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National states (was Re: Colectives...)

From:Carlos Thompson <cthompso@...>
Date:Monday, September 28, 1998, 16:18
-----Mensaje original-----
De: Tom Wier <artabanos@...>
Fecha: Lunes 28 de Septiembre de 1998 02:20

>Carlos Thompson wrote: > >> If I'm not mistaken, "people" is >> both a plural and a colective, and usually takes the plural form of a
>> "people are..." > >Here's the rule: > >(1) When used without any article, it means people in general, and uses >a plural verb always.. E.g. "People often find conlanging strange." > >(2) When used with an article, it means something nearly equivalent >to "tribe" or "ethnicity", and in this function is a count noun (i.e., it
>add the plural -s ending, with the verb agreeing with whatever number >the noun is as indicated by that ending). E.g., "The peoples of Europe >have long suffered political and social division." or "The French people >has long prided itself on its cultural achievements" or something like
> >> Colombia is hardly an national state, as Canada or the United States are
>> or as France and Germany are. (Colombian nationality is defined by the >> country, not the country after the nationality.) > >I would think many people in all of those countries would disagreewith you.
>the viritual cultural homogeneity of the US >and Canada, both internally, and between themselves; and then >the various centrifugal forces that pull away from the nation states >of Germany and France: in Germany you have the Bavarians, >the Swabians, the Franconians, the Prussians, the Hessians, and >so forth, while in France you have the Basques, the Bretons, the >the speakers of Occitan in the South, in short, quite a lot of diversity >which is unexpected) >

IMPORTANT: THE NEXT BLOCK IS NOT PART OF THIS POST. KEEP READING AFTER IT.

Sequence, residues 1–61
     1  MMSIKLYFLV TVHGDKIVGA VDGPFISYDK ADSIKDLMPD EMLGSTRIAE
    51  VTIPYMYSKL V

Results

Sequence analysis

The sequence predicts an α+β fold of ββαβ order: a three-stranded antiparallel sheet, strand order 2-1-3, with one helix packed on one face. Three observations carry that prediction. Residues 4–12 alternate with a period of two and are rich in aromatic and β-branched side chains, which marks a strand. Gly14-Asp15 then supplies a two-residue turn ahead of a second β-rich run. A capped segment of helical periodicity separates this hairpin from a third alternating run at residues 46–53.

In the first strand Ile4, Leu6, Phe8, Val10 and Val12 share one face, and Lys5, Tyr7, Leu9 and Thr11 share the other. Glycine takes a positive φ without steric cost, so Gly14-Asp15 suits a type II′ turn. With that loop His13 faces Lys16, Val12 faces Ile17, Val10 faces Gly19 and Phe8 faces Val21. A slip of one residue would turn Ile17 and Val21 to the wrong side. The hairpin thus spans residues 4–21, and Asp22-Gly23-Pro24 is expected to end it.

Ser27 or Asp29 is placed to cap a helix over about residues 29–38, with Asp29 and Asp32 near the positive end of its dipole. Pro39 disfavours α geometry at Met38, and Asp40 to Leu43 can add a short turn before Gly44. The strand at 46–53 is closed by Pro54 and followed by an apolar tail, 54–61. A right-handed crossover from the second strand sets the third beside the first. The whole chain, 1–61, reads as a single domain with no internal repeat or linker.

Well, the nation(ality) issue is a very complex one. When France was formed as a kingdom and then as a republic, some sense of being French existed. The same occured in U.S.A. That sense involved identification with a language, with a culture, with a religion. It didn't mean all the peoples in what became French territory did agree with that, nor that the State formation where a pacific one. There are still many nation(alitie)s without a state of their own, either they want it or not: Basques, Kurds, Iroquesses, Tutsis, etc. Most Affrican countries, by other way, are pure artificial. Ethnicities and nation(alitie)s match with countries borders much less than in Europe, bacause borders where administrative divisions of the European rulers. As the culture of the rules didn't prospere, the African tribes and nations are splited over borders, and countries are splitted into nations, in a very complex way. In the Americas, divisions where administrative also. When emancipation Spain had four Viceroyalties, several Provinces and Capitanies. After emancipation all viceroyalties formed countries and some Provinces and Capitanies joined thos countries or formed their owns. (Cartagena went with Nueva Granada in what now is Colombia, Venezuela is a Country of their own). After the Spanish culture where so dominant, most people in Colombia can identify themselves as Colombians, but there is much less difference between a Pastuso, from Suthern Colombia, and an Ecuadorian, than between the Pastuso and the Costeqo (Colombian Caribean): both in race and dialect (amog other differences). So, clearly, the nationality follows the state. So: when France appeared, there were Francs or French (I don't know exactly) who found an state and grouped other related peoples (peacefully or not). When Deutchland was founded, many related nationalities, with common or close speech, where joined by the Prussians, and a state was formed (religion was not a big obstacle here), all those small German states, identified themselves with a language, and some mithical/historical past. Similar histories can be said about Spain, Italy, Portugal. I don't know the exact case of England but I supouse some simmilarity. There were, maybe, some American feeling in the founders of the United States which can be similar with an "American" nationality. But most US people, share a culture and a language adquired when their parents came to the land. Any how, there are many Afro-Americans, Italo-Americnas, Irish-Americans, Latinos/Hispanics/Chicanos, Chiness, and so on. And the only thing you must fullfit for being concidered a Colombian, when you, as foreigne, live in Colombia is speaking Spanish (even if with heavy accent) and saying you love Colombia. (Adquiring passport is another story.) -- Carlos Th